SKOPJE, Sept. 15 (Xinhua) -- A law on a wider use of Albanian language in Macedonia has already been sent to the Macedonian parliament for approval.
Actually, the law has passed in the parliamentary committees and the parliament is now expected to vote it after discussions during Thursday's and Friday's plenary sessions.
This has reignited strong debates between the country's two main political camps, the ruling Social Democrats (SDSM) and the opposition led by VMRO-DPMNE.
While Macedonian Prime Minister Zoran Zaev has voiced confidence that the government would adopt the law on languages before the local elections, VMRO-DPMNE of ex-PM Nikola Gruevski has requested the withdrawal of this bill from the agenda of parliamentary proceedings.
According to the opposition parties, such a law is anti-constitutional and hampers Macedonia's national interests.
VMRO-DPMNE's lawmaker, Ilija Dimovski said Friday at plenary session that this law does not comply with the Parliament's rulebook so it should be withdrawn from the parliament and sent to academics for discussions.
But, Prime Minister Zaev strongly condemned such claims saying that opposition's statements were "baseless" since nobody would be obliged to speak any other language but the mother tongue.
On the other hand, Branko Manajlovski, the lawmaker representing the Democratic Union for Integration (DUI), the largest ethnic Albanian party, told media Friday that the law didn't relate to the language, but national hatred.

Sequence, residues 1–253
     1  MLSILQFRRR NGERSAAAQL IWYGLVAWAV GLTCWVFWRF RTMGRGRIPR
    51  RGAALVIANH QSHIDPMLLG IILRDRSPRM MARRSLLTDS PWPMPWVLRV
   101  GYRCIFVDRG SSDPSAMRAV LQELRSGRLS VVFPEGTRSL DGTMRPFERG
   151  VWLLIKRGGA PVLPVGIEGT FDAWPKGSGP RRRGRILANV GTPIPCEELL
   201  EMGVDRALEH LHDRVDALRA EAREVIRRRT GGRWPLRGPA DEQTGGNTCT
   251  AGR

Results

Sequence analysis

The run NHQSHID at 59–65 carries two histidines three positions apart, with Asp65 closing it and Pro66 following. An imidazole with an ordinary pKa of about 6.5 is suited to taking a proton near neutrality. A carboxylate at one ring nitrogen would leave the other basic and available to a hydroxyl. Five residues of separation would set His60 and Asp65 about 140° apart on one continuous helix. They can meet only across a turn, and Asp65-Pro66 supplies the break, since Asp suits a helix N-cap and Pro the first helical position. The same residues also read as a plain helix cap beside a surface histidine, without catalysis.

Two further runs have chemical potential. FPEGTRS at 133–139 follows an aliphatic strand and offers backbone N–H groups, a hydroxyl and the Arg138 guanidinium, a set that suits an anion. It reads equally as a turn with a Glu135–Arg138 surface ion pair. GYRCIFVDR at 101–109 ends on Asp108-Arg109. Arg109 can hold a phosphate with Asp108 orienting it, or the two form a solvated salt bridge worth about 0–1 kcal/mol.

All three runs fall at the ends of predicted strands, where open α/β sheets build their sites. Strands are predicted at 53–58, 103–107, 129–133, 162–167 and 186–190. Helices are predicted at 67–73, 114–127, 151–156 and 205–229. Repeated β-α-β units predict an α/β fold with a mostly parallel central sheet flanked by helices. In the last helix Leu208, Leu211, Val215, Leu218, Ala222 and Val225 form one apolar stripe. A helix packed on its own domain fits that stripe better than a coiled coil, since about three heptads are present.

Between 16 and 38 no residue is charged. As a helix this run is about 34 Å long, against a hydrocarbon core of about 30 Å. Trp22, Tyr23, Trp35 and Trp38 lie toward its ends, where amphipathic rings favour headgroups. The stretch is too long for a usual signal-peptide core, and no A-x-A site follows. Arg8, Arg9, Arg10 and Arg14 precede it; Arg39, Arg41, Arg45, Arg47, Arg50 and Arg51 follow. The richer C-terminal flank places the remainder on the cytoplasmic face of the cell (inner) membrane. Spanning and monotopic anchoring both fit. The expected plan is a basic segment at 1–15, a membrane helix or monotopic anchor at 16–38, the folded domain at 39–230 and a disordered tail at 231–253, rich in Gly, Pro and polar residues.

"The problem is that among Albanians and Macedonians alike, there's national hatred. I know this better than anyone else because I am an Albanian and have grown up like a Macedonian," Manojlovski said.
The approval of this contested law was the main condition that ethnic Albanian parties put to SDSM in order to join coalition and form the new government since the Dec. 11, 2016 elections did not produce a new government.
In past days, hundreds of protesters gathered in front of the Parliament and Macedonia's capital city of Skopje, seeking the withdrawal of the law that, according to them, supports only Albanians' minority and discriminates others.
A few months ago, thousands of people protested against any agreement that would ensure the wider use of the Albanian language.
Now it remains to be seen what will happen before local elections, which are scheduled to take place on Oct. 15, 2017.